with serious mental illness suggest these clients tend to relapse
when they return to family members who are inclined toward
emotional over-involvement. Studies of European-Americans
show they fare worse when they return to homes high in criticism.
But it would be a mistake to assume that emotional over-involvement is always a relapse trigger for Mexican-American
clients, or that high levels of family criticism always predict
relapse in European-American clients, says Lopez. Instead, it’s
important to assess individual families and see what the likely
predictors might be for that particular family.
“We are not saying we need a cultural adaptation for
Mexican-Americans that includes emotional over-involvement,”
he says. “It’s too static, too set, too stereotyping and it’s not
Also at issue is whether it’s desirable or even possible to gain
specific cultural competence in more than one or two cultures.
For instance, although Domenech Rodriguez has spent 18
years collaborating on interventions with partners in Mexico,
she continues to learn important lessons about that country’s
enormous cultural diversity.
“I can’t imagine trying to develop the nuances of knowledge
I have had to acquire in Mexico with every group imaginable,”
Finally, the still-murky definition of cultural competence
continues to stymie efforts to properly design studies in the
area. To this end, Domenech Rodriguez favors the idea of
observing master practitioners and seeing what they have in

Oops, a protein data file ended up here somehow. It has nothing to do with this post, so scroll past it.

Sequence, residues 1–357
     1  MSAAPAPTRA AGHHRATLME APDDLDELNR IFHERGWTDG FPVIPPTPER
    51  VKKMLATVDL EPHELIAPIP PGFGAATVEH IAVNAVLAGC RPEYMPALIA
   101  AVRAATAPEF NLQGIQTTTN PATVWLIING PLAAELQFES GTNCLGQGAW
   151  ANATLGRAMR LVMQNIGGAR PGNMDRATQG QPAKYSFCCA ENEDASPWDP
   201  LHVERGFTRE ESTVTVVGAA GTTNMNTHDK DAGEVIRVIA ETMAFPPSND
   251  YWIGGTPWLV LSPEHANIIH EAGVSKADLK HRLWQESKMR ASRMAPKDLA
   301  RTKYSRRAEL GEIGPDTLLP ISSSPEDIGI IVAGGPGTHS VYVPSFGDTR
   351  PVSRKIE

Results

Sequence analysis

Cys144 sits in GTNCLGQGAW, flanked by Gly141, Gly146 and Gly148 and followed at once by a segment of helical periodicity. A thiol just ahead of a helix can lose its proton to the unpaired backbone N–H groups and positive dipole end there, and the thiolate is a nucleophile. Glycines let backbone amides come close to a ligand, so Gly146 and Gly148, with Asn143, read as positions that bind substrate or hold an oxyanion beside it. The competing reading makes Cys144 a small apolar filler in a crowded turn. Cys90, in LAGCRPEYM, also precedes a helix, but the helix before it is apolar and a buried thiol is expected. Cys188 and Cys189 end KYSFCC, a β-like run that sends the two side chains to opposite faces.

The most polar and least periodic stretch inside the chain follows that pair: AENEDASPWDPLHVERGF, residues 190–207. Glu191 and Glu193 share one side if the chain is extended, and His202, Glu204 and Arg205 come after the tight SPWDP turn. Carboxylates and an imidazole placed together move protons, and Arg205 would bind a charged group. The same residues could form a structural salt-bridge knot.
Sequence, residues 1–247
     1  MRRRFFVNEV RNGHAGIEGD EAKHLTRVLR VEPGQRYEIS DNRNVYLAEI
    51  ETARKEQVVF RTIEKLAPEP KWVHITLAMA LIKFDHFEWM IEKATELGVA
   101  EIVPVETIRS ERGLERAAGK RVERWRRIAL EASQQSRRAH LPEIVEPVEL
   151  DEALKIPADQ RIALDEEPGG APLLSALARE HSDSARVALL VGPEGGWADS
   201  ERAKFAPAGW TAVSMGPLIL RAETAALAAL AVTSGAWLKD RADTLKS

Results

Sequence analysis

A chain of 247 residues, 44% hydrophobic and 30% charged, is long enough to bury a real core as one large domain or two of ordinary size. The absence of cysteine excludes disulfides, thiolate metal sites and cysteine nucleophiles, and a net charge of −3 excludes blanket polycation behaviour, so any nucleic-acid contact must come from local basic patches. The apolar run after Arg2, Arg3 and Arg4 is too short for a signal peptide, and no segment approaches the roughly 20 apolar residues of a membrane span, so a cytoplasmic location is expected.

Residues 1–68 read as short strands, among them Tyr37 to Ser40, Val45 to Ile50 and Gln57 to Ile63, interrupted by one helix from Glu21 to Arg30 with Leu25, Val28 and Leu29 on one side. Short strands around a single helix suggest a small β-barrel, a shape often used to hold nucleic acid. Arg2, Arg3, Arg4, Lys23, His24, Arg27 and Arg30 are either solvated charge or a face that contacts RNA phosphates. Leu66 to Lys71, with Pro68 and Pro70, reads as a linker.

common. “We really need to do some observational work with
people we agree are exquisitely culturally competent,” she says.
In a related vein, Sue, Huey and others suggest the approach
of first looking at study outcomes, then seeing which factors
distinguish those that are particularly effective with ethnic-minority clients.
“We obviously have the usual kinds of recommendations —
we need more randomized controlled trials,” says Sue. “But I
think we should try to get some insights in different ways, such
as using specific qualitative strategies.”
In some ways, it’s a plus that the field is still in a major mode
of questioning, Sue adds.
“It means people will keep on studying and analyzing cultural
competence and culturally competent interventions,” he says.
The result, he believes, will be more helpful and empirically
grounded interventions. n
Tori DeAngelis is a journalist in Syracuse, New York.
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